Screen capture of a video showing security guards escorting a female student who was a victim of harassment at the University of Cairo.
Although cases of sexual harassment are common in Egypt, this one particularly shocked the nation. A young woman was assaulted by a group of students in broad daylight at a university campus. The university’s dean as well as several journalists were quick to point the finger at her clothes, which they say were too provocative.
Video of the sexual assault, which took place at the law school of the University of Cairo on March 16, has gone viral on social media and been broadcast by local television channels. The footage, posted onto YouTube on March 17, shows the woman moments after the assault. Wearing leggings and a pink top, the woman is protected by university security while a group of students follow and hiss at her.
Video showing security guards escorting the student to the university’s exit as a group of students follow her.
According to witness accounts in Egyptian media, the young woman was in the university’s courtyard when a group of students started to insult and undress her. She hid in the toilets and waited for security guards to arrive and escort her to a taxi at the campus exit.
A video showing another angle of the woman being escorted from the campus.
The university’s dean, Jaber Nasser, told local television station ONTV that the student entered the university wearing an “abaya” (a long robe) over her clothes “because security will not allow students to enter wearing inappropriate clothing”. He says that, once inside, the girl took off the abaya. “The university doesn’t impose a dress code on students, but you need to respect the customs and traditions of our society,” he adds. A female journalist from Rotana Misriya television station went further, accusing the girl of dressing “too provocatively, like a cabaret dancer.”
These remarks led to an outcry on social media and from women’s rights organisations, which called for the university’s dean to resign. Nasser has since apologised, saying he wasn’t trying to hold the young woman responsible. He also opened an inquiry and promised to bring those responsible for the assault to justice.
“I think the university dean must be punished for these scandalous remarks, just like those who committed the assault.”
“Women wearing veils and even those who wear the niqab are also victims of sexual harassment.”
Sexual harassment is a major problem in Egypt. In the most populated country in the Arab world, more than 99% of women say they have been victims, according to a United Nations report published in 2013.

“It’s a dangerous precedent, as this shows the attackers are not even scared of being punished or expelled from the university”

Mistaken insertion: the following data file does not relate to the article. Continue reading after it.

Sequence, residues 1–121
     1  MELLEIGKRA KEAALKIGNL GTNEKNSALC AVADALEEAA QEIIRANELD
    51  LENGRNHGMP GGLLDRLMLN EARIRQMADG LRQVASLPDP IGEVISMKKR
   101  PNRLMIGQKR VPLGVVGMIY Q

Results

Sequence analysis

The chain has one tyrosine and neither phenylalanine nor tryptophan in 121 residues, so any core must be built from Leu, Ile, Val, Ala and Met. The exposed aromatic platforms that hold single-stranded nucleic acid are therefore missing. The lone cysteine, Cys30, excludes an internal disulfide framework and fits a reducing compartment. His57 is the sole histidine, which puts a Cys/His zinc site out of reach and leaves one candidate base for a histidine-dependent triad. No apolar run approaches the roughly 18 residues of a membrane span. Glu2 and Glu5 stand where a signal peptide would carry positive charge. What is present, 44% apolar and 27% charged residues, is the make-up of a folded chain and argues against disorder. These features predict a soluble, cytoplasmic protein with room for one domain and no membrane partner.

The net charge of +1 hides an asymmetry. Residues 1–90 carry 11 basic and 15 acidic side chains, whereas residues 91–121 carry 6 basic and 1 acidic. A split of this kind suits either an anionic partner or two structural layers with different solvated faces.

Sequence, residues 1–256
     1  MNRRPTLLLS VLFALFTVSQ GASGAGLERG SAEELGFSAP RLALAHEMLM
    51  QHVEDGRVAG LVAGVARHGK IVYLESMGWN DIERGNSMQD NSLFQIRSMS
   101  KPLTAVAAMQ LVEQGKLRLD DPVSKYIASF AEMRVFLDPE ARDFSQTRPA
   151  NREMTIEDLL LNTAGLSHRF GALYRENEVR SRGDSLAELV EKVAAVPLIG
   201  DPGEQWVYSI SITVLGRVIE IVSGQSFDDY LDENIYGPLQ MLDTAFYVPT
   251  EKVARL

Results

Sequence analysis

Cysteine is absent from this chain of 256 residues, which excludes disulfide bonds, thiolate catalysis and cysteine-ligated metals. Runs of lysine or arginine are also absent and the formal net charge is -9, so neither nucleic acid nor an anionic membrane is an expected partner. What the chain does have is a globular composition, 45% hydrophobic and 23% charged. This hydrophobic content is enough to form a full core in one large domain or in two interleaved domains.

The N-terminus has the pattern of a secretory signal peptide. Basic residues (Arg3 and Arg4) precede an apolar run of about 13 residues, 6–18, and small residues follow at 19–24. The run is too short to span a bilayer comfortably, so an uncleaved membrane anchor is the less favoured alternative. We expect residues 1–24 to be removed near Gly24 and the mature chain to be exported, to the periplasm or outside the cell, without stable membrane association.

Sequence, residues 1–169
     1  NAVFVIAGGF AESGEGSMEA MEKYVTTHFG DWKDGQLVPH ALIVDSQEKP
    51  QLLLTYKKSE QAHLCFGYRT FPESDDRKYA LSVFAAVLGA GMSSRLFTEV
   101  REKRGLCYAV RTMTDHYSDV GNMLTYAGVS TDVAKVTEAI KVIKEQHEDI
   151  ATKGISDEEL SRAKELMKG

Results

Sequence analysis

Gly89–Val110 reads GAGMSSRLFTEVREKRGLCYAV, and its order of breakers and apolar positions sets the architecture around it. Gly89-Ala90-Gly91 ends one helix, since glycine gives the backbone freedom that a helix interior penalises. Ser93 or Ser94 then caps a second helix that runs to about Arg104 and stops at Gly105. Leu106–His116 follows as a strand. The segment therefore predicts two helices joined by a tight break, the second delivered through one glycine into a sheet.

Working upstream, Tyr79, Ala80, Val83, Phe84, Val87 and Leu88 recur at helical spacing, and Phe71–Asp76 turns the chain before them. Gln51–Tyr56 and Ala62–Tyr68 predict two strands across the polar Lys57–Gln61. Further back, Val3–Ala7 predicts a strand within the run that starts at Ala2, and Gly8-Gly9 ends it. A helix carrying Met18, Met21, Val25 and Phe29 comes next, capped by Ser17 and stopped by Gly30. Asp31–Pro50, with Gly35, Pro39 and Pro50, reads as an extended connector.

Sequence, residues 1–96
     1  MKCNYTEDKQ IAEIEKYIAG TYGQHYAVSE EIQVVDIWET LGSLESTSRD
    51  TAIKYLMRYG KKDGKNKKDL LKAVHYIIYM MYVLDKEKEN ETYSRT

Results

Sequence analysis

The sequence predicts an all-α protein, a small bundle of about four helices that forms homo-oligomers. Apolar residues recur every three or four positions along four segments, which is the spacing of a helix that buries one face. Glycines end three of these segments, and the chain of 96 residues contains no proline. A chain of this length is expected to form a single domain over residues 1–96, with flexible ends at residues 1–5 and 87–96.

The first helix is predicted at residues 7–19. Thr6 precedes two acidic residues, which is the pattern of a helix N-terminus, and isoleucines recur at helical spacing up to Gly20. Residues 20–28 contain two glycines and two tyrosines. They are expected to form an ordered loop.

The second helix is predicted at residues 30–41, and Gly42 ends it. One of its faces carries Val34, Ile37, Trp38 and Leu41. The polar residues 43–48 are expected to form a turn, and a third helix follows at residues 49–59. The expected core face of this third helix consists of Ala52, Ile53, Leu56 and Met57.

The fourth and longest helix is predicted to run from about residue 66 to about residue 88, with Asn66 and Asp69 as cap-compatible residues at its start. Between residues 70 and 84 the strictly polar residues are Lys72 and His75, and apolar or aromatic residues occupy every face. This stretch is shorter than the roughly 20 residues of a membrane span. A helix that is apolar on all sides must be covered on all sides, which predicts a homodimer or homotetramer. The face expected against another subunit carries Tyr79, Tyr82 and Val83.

Fethi Farid is a spokesperson and one of the founders of the campaign “Shoft Taharosh” (“I witnessed an act of harassment”). He was one of the first to alert the media about the assault at the University of Cairo.
One of our activists at the University of Cairo alerted us to this case on Monday. We received the video and posted it online. It quickly attracted a lot of media attention.
This isn’t the first time a female student has been a victim of harassment at a university. In 2012, a young female student at the University of Cairo’s architecture school University sued a classmate who assaulted her. However, it is the first time that such an act happened in the courtyard in front of everyone. And it’s a dangerous precedent, as this shows the aggressors are not even scared of being punished or expelled.
There is, unfortunately, a climate of impunity that encourages sexual assault attackers in Egypt. The situation has worsened since the start of the revolution of February 25, 2011. Taking advantage of the disorder and knowing that they will not be punished, attackers repeatedly harassed women who took part in demonstrations at Tahrir Square. We have been fighting since the fall of Mubarak for sexual harassment to be criminalised under the law [Editor’s Note: As opposed to rape, sexual harassment doesn’t exist in Egyptian law].
During protests against former president Mohammed Morsi in 2012, the parliament’s human rights commission, which was controlled by the Muslim Brotherhood, even said that women who went to Tahrir Sqaure were bringing sexual assaults onto themselves!
“The dean promised to give us everything we need to fight against harassment on this campus”
Unfortunately, this attitude remains pervasive today. A lot of people, particularly journalists, have tried to justify the assaults in Cairo. That’s unacceptable. We have spoken to the University of Cairo’s dean, who has promised to give us everything we need to fight against harassment on this campus.
What’s worse is that several women who reported sexual harassment at police stations say they have been mistreated by police. Furthermore, some women don’t dare to report their aggressors for fear of repercussions.
Despite this, I remain optimistic. Women understand that the authorities will not do anything for them, so they’ve started to organise themselves over the past two or three years. Today, there are intervention groups against harassment, apps and websites to report attackers, self-defence courses for women, and more.